Tag Archives: Brian McLaren

Is Social Justice Biblical?

I realize that the title above will be an unpopular assertion, but before you rush to dismiss it or to leave a contrary response, please hear me out.  Social justice is without question a huge buzz word these days within not only the secular media, but within the evangelical church as well.  Because of this dichotomy, the phrase is often misused, misapplied, and generally flawed in its assumptions.  Here is the definition of social justice from Wikipedia  :  “Social justice generally refers to the idea of creating an egalitarian society or institution that is based on the principles of equality and solidarity, that understands and values human rights, and that recognizes the dignity of every human being.”  Interesting, though a broad definition to say the least.  The idea that social justice creates an “egalitarian society” essentially means equality of religion, politics, economics, social status, or culture, i.e. that all humans are equal in fundamental worth or moral status.  (see also Wikipedia : Egalitarianism)  Digging a little further into the definition of social justice we find the following statement: “Social justice is based on the concepts of human rights and equality and involves a greater degree of economic egalitarianism through progressive taxation, income redistribution, or even property redistribution.”  When we hear the term “social justice” from the media, this is generally in reference to the redistribution of wealth mentioned here.  Primarily taking from the “rich” and giving to the “poor” by means of taxation or other government mandate.  Is this the same message that so many evangelicals are trying to convey?  Well, because social justice is such a vague term, it mostly likely depends on who you ask as to what definition you get.  In his newly released book Generous Justice, pastor Tim Keller offers the following distinction:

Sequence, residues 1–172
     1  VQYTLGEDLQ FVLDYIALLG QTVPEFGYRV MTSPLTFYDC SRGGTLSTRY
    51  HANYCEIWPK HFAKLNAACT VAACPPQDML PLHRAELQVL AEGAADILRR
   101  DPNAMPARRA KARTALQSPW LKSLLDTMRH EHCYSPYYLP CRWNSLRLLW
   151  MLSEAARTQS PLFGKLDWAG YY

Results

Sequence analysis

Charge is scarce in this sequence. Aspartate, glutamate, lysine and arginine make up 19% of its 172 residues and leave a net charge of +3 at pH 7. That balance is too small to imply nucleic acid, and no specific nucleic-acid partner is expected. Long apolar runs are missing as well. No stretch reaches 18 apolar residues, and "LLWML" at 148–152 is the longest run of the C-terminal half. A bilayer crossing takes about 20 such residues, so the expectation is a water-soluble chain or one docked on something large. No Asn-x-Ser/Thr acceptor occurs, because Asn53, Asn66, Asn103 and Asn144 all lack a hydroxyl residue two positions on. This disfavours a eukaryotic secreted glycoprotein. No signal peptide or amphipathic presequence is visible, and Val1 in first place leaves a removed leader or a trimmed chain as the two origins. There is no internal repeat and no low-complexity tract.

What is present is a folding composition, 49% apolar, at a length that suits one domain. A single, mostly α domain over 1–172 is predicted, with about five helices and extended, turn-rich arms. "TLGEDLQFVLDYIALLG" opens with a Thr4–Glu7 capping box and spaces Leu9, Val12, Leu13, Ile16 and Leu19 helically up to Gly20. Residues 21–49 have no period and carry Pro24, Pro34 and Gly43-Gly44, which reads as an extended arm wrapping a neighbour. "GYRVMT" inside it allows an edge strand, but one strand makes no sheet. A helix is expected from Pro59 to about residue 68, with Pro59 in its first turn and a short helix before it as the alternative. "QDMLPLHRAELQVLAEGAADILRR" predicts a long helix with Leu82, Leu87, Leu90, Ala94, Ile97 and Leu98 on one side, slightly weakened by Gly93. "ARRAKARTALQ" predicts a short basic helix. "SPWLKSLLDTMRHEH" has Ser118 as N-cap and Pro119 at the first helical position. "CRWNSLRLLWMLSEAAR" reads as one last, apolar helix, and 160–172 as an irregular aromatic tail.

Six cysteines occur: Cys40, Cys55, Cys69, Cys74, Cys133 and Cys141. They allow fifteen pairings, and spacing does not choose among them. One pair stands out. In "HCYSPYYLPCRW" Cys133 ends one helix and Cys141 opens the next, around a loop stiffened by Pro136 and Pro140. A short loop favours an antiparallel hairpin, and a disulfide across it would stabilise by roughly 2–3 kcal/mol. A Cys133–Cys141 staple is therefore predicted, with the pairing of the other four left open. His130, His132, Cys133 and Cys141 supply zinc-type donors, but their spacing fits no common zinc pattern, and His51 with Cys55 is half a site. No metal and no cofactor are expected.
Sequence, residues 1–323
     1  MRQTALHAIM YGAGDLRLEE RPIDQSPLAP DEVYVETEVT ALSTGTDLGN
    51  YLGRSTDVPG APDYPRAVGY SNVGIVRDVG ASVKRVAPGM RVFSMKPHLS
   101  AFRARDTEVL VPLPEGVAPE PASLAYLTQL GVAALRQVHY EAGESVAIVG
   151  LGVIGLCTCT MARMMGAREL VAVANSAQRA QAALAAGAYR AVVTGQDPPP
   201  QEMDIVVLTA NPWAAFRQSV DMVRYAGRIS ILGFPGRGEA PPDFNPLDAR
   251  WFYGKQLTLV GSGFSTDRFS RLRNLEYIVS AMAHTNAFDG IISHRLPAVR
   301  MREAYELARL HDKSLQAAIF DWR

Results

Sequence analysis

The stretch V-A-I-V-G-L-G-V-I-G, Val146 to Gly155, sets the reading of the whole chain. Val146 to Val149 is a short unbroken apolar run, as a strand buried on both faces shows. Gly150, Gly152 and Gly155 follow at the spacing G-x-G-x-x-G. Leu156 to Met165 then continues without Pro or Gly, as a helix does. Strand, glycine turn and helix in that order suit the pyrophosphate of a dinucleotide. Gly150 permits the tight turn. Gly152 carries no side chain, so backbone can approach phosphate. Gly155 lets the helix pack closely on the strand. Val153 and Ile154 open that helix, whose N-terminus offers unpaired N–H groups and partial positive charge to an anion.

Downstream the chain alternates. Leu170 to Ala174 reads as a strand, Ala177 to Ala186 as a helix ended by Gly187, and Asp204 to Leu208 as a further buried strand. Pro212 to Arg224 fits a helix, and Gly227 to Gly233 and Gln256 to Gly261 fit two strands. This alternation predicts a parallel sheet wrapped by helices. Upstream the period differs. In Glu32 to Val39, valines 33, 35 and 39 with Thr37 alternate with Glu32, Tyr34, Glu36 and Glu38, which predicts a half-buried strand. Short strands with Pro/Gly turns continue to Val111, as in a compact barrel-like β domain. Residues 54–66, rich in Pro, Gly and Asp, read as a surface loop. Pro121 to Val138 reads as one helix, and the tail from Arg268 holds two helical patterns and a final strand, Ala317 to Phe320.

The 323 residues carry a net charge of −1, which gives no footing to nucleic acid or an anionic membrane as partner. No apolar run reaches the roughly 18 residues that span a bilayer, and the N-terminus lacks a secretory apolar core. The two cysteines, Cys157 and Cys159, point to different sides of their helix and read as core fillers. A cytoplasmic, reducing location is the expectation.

“I used the term “generous justice” because many people make a distinction between justice and charity. They say that if we give to the poor voluntarily, it’s just compassion and charity. But Job says that if I’m not generous with my money, I’m offending God, which means it’s not an option and it is unjust by definition to not share with the poor.”[1]

 

It would be helpful at this point if we defined “justice” and “charity”.  Dictionary.com defines justice as “the quality of being just; righteousness, equitableness, or moral rightness” also, “the administering of deserved punishment or reward”.  The same site defines charity as “generous actions or donations to aid the poor, ill, or helpless; something given to a person in need; alms; benevolence; Christian love; agape.”  Just as Keller states, quite the distinction, but his own statement is troubling.  He asserts that some say giving to the poor voluntarily is compassion and charity but that the Bible claims a lack of generosity is offensive to God and thereby is not voluntary, but a mandate.  The difference between these two statements of Keller’s can be summarized by saying: “I want to give to the poor” vs. “I have to give to the poor”.  The former is a movement of the heart, the latter a letter of the law.  To his statement Keller adds, “It’s biblical that we owe the poor as much of our money as we can possibly give away.” [2] Does that sound any different than the definition we read earlier which is so prevalent in the media?  Quite simply, it’s no different.  To say that “we owe the poor as much of our money as we can possibly give away” is to assume somehow that the “rich” of this world are indebted to the “poor”.  Where in the Bible does it state that?  (Actually Keller’s statement can be argued as to ask based on what standard is someone defined as rich while another is defined as poor?, but that might be a separate post)  What Keller has done is to erroneously replace the government mandate with biblical mandate, tag it with the social justice label, and state that it basically calls for redistribution of wealth also.  This is not in line with Scripture as he asserts, but is quite contrary as we’ll see in a moment.